Phellus (Ancient Greek: Φέλλος, Turkish: Phellos) is an town of ancient Lycia, now situated on the mountainous outskirts of the small town of Kaş in the Antalya Province of Turkey. The city was first referenced as early as 7 BC by Greek geographer and philosopher Strabo in Book XII of his Geographica (which detailed settlements in the Anatolia region), alongside the port town of Antiphellus; which served as the settlement's main trade front.

Its exact location, particularly in regard to Antiphellus, was misinterpreted for many years. Strabo incorrectly designates both settlements as inland towns, closer to each other than is actually evident today. Additionally, upon its rediscovery in 1840 by Sir Charles Fellows, the settlement was located near the village of Saaret, west-northwest of Antiphellus. Verifying research into its location in ancient text proved difficult for Fellows, with illegible Greek inscriptions providing the sole written source at the site. However, Thomas Abel Brimage Spratt details in his 1847 work Travels in Lycia that validation is provided in the words of Pliny the Elder, who places Phellus north of Habessus (Antiphellus' pre-Hellenic name).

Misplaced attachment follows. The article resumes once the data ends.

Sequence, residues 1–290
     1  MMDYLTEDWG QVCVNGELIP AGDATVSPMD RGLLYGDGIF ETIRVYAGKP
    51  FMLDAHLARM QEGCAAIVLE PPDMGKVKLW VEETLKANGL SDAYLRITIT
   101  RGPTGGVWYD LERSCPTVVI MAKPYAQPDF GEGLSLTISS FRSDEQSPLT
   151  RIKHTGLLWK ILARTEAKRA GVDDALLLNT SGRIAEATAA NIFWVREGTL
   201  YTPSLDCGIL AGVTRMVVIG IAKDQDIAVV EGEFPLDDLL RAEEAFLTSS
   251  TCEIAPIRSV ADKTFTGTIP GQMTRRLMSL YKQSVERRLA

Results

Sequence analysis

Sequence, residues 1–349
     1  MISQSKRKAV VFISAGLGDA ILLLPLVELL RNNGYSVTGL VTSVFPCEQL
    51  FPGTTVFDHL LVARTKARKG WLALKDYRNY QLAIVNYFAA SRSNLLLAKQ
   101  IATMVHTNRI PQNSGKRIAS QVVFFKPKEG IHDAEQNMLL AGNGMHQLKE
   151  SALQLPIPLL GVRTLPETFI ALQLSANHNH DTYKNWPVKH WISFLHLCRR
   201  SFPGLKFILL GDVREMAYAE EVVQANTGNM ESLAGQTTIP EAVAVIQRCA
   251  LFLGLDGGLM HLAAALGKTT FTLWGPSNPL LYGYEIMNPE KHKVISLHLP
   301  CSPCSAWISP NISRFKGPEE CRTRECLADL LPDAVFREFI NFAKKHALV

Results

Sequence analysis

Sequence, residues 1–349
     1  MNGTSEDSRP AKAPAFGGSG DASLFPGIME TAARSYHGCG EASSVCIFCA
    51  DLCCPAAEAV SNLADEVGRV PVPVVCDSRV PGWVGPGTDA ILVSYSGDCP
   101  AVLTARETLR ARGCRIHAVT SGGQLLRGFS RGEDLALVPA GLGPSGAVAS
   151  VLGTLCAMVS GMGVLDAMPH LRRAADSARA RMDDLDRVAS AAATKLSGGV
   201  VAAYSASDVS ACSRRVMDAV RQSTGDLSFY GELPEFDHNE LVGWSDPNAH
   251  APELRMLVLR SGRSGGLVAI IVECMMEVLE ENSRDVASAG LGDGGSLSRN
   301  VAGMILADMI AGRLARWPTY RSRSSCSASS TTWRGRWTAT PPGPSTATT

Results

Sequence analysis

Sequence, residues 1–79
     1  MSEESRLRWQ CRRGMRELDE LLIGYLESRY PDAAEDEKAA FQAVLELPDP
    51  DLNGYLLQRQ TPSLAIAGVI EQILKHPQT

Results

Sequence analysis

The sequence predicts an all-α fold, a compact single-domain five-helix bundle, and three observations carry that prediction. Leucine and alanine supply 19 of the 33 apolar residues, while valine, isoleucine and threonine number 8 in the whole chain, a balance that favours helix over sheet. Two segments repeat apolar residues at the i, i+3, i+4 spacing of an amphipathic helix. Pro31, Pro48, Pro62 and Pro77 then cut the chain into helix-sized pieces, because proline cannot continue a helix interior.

Pixodarus or Pixodaros (in Lycian 𐊓𐊆𐊜𐊁𐊅𐊀𐊕𐊀 Pixedara; in Greek Πιξώδαρoς; ruled 340–335 BC), was a ruler of Caria, nominally the Achaemenid Empire Satrap, who enjoyed the status of king or dynast by virtue of the powerful position his predecessors of the House of Hecatomnus (the Hecatomnids) created when they succeeded the assassinated Persian Satrap Tissaphernes in the Carian satrapy. Lycia was also ruled by the Carian dynasts since the time of Mausolus, and the name of Pixodarus as ruler appears in the Xanthos trilingual inscription in Lycia.


In Greek mythology, Praxidike (Ancient Greek: Πραξιδίκη, Greek pronunciation: [praksidíkeː]) is the goddess of judicial punishment and the exactor of vengeance, which were two closely allied concepts in the classical Greek world-view.